As mentioned in a couple of other threads I have a Mexican cleaning lady who is trying to learn English. She’s plenty bright but just cannot get a grasp on the language. A few things I’ve noticed:
I’d always assumed the lack of formal/informal and the lack of gender in English would be a welcome simplification to those learning it, but apparently it’s confusing. Maria uses the southernism y’all as an informal roughly the way a Spanish speaker might use tu instead of usted or a German might use Du instead of Sie, and she’ll sometimes say things like that table where the is appropriate and I’ve wondered if it may be similar to gender differentiation. (Unfortunately I can’t communicate well enough to ask her.)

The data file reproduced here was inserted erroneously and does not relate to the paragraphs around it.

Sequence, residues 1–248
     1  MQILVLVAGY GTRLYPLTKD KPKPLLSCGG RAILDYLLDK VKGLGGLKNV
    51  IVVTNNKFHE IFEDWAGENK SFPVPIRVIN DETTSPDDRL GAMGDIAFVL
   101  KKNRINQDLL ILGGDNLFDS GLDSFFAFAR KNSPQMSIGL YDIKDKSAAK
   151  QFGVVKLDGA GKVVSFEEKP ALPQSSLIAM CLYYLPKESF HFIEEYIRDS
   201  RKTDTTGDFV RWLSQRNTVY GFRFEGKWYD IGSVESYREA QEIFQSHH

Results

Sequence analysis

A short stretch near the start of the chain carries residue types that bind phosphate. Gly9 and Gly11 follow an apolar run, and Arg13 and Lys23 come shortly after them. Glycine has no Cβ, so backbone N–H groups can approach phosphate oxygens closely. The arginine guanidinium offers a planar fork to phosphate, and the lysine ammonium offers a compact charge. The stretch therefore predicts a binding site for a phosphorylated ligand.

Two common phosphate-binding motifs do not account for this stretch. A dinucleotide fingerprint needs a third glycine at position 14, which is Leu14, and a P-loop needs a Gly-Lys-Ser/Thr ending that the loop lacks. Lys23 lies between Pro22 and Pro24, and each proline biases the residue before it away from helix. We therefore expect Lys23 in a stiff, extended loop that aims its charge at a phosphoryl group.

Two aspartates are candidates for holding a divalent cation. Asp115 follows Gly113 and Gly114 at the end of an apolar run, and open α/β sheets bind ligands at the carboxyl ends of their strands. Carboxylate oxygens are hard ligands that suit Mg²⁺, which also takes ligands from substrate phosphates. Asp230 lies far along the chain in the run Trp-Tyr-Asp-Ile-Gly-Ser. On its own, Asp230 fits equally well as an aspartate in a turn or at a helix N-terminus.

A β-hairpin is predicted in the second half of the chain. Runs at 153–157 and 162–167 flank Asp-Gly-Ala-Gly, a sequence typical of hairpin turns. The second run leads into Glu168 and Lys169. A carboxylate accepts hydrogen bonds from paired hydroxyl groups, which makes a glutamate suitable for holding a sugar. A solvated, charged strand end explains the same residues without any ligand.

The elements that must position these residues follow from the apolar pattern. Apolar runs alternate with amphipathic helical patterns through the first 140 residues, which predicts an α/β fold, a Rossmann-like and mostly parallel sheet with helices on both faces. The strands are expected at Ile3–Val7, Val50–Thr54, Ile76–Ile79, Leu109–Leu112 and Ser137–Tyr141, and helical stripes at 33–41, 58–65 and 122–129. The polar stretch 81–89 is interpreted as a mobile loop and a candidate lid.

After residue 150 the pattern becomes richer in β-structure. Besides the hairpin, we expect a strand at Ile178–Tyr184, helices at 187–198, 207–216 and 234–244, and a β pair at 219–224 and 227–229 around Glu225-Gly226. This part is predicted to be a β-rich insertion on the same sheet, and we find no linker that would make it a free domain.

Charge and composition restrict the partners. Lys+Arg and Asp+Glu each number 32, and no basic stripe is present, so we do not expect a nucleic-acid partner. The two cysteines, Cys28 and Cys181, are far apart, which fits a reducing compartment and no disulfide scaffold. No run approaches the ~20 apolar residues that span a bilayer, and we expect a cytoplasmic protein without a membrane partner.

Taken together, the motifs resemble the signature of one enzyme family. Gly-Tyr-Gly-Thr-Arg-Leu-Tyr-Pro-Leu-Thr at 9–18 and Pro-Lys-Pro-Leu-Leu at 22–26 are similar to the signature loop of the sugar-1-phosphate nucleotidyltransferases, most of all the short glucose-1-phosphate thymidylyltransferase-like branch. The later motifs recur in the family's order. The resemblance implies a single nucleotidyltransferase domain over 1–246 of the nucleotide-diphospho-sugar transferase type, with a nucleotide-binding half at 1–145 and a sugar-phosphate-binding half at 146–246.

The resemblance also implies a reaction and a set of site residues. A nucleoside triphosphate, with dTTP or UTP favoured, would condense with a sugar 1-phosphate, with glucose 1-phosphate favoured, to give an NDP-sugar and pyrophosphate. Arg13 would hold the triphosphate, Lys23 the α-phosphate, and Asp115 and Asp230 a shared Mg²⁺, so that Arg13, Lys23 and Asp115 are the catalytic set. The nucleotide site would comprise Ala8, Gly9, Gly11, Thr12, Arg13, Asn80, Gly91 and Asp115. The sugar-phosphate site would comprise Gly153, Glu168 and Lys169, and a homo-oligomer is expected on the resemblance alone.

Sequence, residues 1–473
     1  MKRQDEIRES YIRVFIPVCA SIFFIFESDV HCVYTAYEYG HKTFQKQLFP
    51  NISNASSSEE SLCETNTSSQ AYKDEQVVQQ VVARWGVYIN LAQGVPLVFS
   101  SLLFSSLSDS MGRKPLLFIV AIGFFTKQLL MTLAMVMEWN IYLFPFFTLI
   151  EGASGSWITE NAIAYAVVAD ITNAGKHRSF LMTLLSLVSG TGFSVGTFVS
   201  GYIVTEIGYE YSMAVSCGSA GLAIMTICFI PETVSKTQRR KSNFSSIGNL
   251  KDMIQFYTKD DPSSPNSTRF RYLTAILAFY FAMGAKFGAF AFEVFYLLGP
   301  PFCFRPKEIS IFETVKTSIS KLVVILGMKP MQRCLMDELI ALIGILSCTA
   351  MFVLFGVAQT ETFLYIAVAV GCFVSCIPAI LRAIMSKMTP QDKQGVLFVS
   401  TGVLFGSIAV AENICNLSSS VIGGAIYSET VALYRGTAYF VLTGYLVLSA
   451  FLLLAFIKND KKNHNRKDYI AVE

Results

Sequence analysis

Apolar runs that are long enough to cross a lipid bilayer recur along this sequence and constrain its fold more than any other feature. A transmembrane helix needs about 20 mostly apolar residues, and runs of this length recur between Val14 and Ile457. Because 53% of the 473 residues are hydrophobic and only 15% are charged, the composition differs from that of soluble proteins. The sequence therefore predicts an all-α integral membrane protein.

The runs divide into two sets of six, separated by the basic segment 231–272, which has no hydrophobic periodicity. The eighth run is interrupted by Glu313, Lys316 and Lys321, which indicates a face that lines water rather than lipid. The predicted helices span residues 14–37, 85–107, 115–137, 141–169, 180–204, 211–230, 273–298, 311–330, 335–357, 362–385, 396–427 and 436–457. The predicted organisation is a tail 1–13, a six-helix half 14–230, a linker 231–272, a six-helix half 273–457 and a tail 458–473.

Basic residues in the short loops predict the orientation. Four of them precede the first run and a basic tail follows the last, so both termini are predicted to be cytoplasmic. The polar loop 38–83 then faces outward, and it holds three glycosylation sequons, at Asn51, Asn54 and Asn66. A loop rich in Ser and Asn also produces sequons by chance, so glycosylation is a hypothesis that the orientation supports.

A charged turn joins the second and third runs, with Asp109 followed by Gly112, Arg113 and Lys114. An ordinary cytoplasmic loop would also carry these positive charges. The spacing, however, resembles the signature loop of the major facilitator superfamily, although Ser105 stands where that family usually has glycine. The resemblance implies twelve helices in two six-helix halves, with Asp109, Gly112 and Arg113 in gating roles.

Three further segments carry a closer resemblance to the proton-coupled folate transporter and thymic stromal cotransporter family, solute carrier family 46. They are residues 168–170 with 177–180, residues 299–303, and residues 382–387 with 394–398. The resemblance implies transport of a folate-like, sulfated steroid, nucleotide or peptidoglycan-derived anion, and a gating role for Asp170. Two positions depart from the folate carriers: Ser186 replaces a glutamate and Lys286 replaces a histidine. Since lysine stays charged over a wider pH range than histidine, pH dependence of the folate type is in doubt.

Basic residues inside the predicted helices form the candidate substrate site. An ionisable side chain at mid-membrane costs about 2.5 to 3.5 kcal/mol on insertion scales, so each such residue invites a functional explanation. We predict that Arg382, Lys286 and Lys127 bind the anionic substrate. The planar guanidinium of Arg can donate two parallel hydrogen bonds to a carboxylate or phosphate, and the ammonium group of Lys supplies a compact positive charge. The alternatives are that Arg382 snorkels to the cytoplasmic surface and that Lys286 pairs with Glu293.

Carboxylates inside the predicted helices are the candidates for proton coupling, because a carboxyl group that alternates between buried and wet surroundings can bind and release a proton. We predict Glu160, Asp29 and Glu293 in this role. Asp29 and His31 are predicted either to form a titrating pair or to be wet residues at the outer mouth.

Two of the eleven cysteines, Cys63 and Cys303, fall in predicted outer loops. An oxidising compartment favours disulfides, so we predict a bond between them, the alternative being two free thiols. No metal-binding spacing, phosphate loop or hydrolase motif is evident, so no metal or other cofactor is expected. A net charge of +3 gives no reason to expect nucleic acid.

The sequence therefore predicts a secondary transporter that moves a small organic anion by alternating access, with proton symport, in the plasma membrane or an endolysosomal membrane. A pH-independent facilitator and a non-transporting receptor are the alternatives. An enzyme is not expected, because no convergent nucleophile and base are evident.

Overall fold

Some Filipino students where I work who speak better English than most of the homegrown students will sometimes have a surprising mispronunciation. They’ll say southern in such a way that it rhymes with mouth-ern, or strewn in such a way as to rhyme with prune which is not incorrect but is a regionalism (down here, and IIRC in most parts of the country, it’s pronounced to rhyme with thrown). Apparently address numbers coming before instead of after the street (1234 Elm St. instead of Elm St. 1234) is a hard habit to break as well. Placement of verbs and adjectives are also hard to get used to among the non native-English speakers I’ve known.
Then of course there are all kinds of words whose spelling doesn’t even make sense to English speakers due to the number of silent letters: through,thorough, Wednesday, receipt, and catsup come to mind.
Anyone know of any of the hardest rules to grasp for people learning English as a second (or greater) language? What are some of the most peculiar features of English to those coming from another primary language?